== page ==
Jeff Chilton Presents Ground Breaking Research at ISMS 2016

On June 1st, 2016, Jeff presented his research at the International Society for Mushroom Science (ISMS) conference in Amsterdam. In his talk, A New Analytical Fingerprinting System for Quality Control of Medicinal Mushroom Products, Jeff discusses the ongoing results of our testing program of different medicinal mushroom products.

In one example, he highlights reishi to clearly demonstrate the differences in beta-glucans for whole reishi mushrooms and reishi mycelium grown on grain. The results were as follows:

Reishi Mushroom and Mycelium on Grain Test Results
Beta-glucansAlpha-glucansErgosterol
Reishi Mushroom30.5%0.37%0.1%
Reishi Mycelium on Grain6.56%40.77%0.01%

The testing results illustrate that residual grain from mycelium products increases alpha-glucans (starch) and lowers the beta-glucans and ergosterol. Ergosterol is the sterol that is a prime indicator of degree of fungal presence in any material. It is also the pre-cursor to vitamin D2.

Full Presentation

Presentation Slides

ISMS Published Paper

Full Paper: A New Analytical Fingerprinting System for Quality Control of Medicinal Mushroom Products, Jeff Chilton, ISMS 2016

Follow Up Questions

At the end of Jeff’s presentation, there were 2 questions from Paul Stamets of Fungi Perfecti. This company sells mycelium on grain products.

1. Dr. McCleary’s recent paper on the Megazyme Beta-glucan test method found almost 2x more beta-glucans in reishi mushroom than previous test findings. How can this test method be accurate with such a wide variance of test results?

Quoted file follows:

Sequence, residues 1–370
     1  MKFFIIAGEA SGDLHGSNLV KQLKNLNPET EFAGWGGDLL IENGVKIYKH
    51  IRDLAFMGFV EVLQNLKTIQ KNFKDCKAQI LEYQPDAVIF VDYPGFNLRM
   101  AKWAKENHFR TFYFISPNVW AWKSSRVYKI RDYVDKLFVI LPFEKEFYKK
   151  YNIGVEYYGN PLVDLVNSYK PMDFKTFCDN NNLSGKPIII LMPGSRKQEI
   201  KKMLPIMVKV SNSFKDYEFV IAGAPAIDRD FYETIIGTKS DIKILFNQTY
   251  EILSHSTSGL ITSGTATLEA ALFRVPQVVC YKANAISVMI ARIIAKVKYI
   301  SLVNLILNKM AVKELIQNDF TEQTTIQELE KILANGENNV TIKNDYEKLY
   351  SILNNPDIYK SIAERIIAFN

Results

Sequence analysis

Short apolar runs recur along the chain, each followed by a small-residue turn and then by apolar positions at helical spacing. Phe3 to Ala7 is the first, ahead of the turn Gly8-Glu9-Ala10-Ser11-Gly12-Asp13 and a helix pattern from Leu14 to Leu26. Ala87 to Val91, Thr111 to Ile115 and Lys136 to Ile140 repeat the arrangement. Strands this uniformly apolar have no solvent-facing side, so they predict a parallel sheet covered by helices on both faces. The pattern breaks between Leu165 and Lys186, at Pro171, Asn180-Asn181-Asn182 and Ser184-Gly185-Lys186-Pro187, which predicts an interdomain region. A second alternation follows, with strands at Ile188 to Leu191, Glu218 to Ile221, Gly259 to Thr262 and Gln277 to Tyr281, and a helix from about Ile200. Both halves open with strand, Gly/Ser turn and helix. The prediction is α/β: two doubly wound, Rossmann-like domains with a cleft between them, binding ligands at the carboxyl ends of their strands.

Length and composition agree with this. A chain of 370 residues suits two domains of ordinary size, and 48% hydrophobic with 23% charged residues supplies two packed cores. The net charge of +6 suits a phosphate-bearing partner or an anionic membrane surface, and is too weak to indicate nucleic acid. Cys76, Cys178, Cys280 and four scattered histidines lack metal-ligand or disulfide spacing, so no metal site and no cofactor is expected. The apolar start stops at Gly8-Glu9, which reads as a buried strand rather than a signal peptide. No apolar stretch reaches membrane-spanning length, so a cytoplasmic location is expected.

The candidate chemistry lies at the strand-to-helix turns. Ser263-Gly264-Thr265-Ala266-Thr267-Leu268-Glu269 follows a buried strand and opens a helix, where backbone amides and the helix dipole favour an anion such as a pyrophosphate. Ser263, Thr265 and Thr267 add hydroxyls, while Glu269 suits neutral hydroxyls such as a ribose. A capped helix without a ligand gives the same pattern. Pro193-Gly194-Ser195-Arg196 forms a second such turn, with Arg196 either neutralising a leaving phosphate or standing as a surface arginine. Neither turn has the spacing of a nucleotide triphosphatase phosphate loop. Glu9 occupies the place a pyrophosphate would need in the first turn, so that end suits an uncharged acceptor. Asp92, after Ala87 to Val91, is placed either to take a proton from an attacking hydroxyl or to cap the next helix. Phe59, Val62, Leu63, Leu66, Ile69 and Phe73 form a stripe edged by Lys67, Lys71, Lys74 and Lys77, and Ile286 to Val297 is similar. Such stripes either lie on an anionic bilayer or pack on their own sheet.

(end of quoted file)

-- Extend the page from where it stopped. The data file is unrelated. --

Jeff responded that Dr. McCleary’s paper was a detailed evaluation of the Megazyme beta-glucan method as well as a review of beta-glucan methods published by other mushroom researchers – Manzi and Molleken specifically. Dr. McCleary clearly elucidated the reasons why the methods used by Manzi and Molleken were not accurate.

When he re-evaluated his own Megazyme test method, he discovered that sulfuric acid was a better solvent than HCl for the procedure. Although sulfuric acid had no effect on most of the mushroom samples, it had a dramatic effect on reishi, increasing the beta-glucan result. Because of this finding, Dr. McCleary now recommends using sulfuric acid when running the Megazyme method.

This finding demonstrates why scientists such as Dr. McCleary publish in peer-reviewed journals and report their findings for the betterment of science. So the answer to Mr. Stamets’ question is that the method has been improved and best of all, reishi is actually higher in beta-glucans than originally believed.

Dr. McCleary’s paper was published in the peer reviewed Journal of the Association of Official Analytical Chemists International, the body that validates analytical methods used in scientific research and industry. So the Megazyme method has now been peer reviewed.

2. How does the Megazyme method differentiate between mould mycelium and basidiomycete mycelium?

The Megazyme method is not designed to differentiate fungal species. Microbiological testing can accomplish this if the microbes are alive. In order to discover if other fungal species are present, Nammex sends the sample out for DNA analysis. This accurately determines what organisms are in the sample, so if mold or other plants are present, they will show up in the DNA analysis. Likewise, if a product is spiked by yeast, grain starches, or other adulterants, they will also show up.